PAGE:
Virtuoso pianist Makoto Ozone reinvents “Rhapsody in Blue”

Pianist Makoto Ozone

Audience members fortunate enough to witness the New York Philharmonic’s performance of George Gershwin’s “Rhapsody In Blue” earlier this winter saw something truly special — an improvisation-fueled reinterpretation that infused the classic orchestral work with fresh life, power, and spontaneity. The catalyst for such a memorable concert? Pianist Makoto Ozone.

Ozone began his musical life in Japan as a self-taught organist and performed on television for the first time at age six. A concert by piano legend Oscar Peterson turned Ozone on to jazz, and studies of jazz composition and arranging at Berklee College of Music in Boston followed. Ozone graduated at the top of his class in 1983, performed a solo recital at Carnegie Hall, and signed an exclusive recording contract with CBS, becoming the first Japanese artist to ever do so.

Just as in his “Rhapsody” performance, Ozone blends a host of influences whenever he plays — he is equally at home performing works by Gershwin and Leonard Bernstein, Mozart and Beethoven, and jazz legends Gary Burton and Chick Corea. Ozone’s genre-blending career regularly takes him around the world; audiences can see him jamming with his jazz trio, leading his Japan-based big band “No Name Horses,” and collaborating with top international orchestras.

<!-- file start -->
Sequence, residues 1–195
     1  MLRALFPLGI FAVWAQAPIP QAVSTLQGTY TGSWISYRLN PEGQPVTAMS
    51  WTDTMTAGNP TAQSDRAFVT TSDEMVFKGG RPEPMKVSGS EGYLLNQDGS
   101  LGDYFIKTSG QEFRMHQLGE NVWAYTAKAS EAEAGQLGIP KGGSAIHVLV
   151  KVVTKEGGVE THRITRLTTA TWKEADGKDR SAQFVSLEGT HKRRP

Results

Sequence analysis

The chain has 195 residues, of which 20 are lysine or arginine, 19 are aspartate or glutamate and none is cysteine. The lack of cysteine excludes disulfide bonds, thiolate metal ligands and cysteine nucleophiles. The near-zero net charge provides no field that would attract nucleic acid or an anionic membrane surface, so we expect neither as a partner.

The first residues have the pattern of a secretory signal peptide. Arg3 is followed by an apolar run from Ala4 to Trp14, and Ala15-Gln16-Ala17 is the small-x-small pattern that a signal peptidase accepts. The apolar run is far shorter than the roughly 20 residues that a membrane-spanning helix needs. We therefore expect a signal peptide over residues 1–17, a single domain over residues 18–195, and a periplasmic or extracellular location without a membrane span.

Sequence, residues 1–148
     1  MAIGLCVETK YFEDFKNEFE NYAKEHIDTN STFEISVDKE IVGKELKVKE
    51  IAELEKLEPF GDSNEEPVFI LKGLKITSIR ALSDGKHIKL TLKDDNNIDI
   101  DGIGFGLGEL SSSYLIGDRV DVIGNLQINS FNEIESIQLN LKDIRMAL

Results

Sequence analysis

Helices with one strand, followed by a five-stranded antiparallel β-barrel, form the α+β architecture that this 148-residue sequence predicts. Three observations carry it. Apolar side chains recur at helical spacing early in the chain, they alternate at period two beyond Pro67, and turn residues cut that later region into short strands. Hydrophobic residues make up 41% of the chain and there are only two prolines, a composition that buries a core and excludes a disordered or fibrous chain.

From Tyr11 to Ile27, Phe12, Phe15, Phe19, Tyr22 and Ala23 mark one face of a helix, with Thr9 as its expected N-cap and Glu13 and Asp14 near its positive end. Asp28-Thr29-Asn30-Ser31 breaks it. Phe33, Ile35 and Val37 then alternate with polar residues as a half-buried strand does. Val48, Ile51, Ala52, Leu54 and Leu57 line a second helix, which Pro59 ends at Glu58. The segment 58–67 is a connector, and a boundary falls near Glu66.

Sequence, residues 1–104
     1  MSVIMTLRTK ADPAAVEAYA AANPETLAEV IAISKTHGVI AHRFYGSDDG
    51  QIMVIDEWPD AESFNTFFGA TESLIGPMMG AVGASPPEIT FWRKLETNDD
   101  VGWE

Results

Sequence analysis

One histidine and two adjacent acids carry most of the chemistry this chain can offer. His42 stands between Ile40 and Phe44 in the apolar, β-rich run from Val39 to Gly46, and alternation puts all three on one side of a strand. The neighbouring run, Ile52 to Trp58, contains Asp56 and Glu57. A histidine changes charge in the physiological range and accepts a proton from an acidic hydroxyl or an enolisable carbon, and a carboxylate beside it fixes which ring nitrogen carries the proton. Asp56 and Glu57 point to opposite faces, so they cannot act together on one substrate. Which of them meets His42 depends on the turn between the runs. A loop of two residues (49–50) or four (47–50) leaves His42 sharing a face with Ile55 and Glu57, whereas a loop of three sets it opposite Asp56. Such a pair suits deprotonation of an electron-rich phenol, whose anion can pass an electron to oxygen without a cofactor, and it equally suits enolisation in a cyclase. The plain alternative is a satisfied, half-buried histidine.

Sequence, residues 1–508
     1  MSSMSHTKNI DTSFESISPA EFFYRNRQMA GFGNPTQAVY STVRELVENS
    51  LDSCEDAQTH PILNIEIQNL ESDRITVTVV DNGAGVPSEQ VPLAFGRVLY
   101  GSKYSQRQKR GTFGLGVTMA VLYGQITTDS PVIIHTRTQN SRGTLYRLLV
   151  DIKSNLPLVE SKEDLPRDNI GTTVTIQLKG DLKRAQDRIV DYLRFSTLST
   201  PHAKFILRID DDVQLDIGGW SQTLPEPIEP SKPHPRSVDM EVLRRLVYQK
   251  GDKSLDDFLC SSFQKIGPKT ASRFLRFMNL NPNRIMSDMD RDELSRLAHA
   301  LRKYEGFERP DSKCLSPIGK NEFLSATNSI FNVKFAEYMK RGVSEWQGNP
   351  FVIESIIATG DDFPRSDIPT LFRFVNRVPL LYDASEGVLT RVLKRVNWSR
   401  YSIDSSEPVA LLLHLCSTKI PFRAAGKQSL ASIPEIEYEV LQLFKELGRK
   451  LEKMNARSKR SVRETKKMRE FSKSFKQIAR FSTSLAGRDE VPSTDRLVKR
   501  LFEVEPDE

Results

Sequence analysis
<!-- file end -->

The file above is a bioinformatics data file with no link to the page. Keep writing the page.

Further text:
Ozone’s talent shines whether he’s playing classical, jazz, or a combination thereof, as shown in this performance with the Scottish National Jazz Orchestra:

2018 will be a busy year for Ozone; his upcoming projects include collaborations with the Scottish National Jazz Orchestra, the Stuttgart Philharmonic, and Chick Corea in Japan. Ozone also plans an international tour with his trio. For more on the artist, visit

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